Spartacus – the Man, the Myth, the Legacy
- When: April 17, 2013
- Time: 5.00 pm
- Where: Centro Studi Americani, Via Michelangelo Caetani – 00186 Roma
Dr. Barry Strauss Professor of History and Classics at Cornell University and author of The Spartacus War (New York: Simon and Schuster, 2009) will lecture on Spartacus’s legend and ironies on Wednesday, April 17 at the Centro Studi Americani in Rome. The lecture will be organized in partnership by The American University of Rome, the American Academy in Rome and the Centro Studi Americani and will be moderated by Giuliano Amato, President of the Centro.
Spartacus led a revolt (73-71 BC) of gladiators and slaves that shocked Roman society at the time and that has echoed through the ages. He was a Thracian who served in an allied unit of the Roman army and who ended up unjustly enslaved and forced to be a gladiator in Capua. Most of his followers were rural slaves and most were foreigners. A man of liberal sentiments, he tried to rein in his soldiers’ urges for revenge and to convince them to leave Italy. He failed, on both accounts. In 71 BC, the wealthy oligarch Crassus broke the back of the revolt and crucified 6,000 of Spartacus’s followers on the road between Rome and Capua.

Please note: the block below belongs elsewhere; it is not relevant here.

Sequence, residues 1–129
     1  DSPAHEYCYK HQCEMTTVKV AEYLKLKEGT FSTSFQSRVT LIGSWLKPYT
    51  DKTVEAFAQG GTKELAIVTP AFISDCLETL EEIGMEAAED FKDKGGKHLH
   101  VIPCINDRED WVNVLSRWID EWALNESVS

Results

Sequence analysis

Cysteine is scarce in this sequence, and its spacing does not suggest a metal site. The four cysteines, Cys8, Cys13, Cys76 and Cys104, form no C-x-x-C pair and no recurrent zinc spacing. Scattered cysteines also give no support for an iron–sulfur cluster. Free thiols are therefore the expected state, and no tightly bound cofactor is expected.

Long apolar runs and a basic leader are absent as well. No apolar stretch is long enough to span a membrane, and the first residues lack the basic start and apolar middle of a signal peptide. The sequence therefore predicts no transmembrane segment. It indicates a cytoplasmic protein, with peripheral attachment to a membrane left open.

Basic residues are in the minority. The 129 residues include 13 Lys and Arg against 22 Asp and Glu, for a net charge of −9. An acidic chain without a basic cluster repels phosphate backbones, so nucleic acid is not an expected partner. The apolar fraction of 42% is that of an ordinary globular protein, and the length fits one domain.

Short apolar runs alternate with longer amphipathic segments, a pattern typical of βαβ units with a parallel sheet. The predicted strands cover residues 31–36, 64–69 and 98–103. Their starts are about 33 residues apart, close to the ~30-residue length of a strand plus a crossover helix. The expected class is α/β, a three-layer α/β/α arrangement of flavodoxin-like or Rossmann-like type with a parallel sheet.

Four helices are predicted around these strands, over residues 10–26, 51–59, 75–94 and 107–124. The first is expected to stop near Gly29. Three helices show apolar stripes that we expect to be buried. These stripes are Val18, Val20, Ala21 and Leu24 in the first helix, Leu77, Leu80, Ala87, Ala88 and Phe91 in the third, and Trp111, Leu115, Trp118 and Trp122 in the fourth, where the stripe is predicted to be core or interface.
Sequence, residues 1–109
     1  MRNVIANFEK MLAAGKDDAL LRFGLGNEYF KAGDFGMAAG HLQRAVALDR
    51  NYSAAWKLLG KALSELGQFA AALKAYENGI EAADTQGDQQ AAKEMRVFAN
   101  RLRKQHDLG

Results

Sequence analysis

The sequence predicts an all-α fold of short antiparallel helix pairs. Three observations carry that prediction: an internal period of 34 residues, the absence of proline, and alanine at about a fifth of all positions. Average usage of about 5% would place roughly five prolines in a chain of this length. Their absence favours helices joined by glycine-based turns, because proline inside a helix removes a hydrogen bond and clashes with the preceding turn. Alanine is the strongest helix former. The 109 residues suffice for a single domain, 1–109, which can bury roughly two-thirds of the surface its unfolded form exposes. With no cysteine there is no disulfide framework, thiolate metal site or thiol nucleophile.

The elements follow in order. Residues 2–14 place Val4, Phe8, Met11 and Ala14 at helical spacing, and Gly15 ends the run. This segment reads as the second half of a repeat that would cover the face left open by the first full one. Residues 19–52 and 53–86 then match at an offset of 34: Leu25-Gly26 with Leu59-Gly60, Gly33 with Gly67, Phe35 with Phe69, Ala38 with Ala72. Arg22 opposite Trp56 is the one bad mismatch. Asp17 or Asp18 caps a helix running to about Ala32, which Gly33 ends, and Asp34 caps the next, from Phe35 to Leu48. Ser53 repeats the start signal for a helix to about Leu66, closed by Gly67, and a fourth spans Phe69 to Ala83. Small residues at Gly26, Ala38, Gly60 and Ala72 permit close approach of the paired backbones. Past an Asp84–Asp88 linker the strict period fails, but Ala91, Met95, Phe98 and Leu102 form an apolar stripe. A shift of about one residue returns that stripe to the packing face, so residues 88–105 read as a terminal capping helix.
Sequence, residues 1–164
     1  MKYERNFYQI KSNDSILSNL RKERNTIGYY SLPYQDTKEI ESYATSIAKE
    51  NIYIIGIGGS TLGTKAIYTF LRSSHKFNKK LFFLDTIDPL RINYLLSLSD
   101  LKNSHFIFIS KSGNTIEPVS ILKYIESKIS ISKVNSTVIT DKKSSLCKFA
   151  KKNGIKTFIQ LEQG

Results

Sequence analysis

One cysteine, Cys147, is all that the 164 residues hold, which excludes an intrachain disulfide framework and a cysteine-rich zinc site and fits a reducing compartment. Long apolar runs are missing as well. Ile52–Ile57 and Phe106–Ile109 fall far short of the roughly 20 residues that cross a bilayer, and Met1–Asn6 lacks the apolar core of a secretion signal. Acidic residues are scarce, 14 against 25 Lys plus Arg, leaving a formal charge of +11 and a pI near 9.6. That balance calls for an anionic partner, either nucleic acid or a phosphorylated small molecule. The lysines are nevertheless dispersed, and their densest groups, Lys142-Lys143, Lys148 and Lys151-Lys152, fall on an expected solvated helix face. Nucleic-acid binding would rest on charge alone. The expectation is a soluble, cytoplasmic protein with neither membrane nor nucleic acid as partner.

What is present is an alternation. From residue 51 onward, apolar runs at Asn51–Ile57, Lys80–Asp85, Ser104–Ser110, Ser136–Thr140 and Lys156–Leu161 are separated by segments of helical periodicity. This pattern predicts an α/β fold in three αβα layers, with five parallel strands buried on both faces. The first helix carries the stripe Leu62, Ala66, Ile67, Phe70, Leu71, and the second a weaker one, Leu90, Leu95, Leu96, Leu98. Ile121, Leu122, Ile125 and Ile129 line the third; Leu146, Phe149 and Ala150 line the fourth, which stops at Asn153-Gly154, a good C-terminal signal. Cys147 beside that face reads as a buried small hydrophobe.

Although Spartacus and most of his followers were immigrants, ironically Spartacus has sometimes been a symbol of Italian nationalism as well as of regional identity in the Mezzogiorno. Spartacus was even cited as a freedom fighter by US President Ronald Reagan. The best-known use of Spartacus as a symbol has been as a symbol of socialism and communism. Marx and Lenin both praised Spartacus and he was a major figure in Soviet ideology. It’s not surprising that Beppe Grillo, too, has compared himself to Spartacus (and quoted Dr. Strauss’s book).
Ironically, there is no evidence that Spartacus was opposed to slavery in principle. It’s much more likely that he was opposed rather to his own enslavement and that of his followers. While we rightly honor Spartacus today for his rebellion against injustice, we should also remember the ironies.
FREE LECTURE. Contact: Maurizia Garzia, President’s Office, The American University of Rome: firstname.lastname@example.org, Tel 06 58330919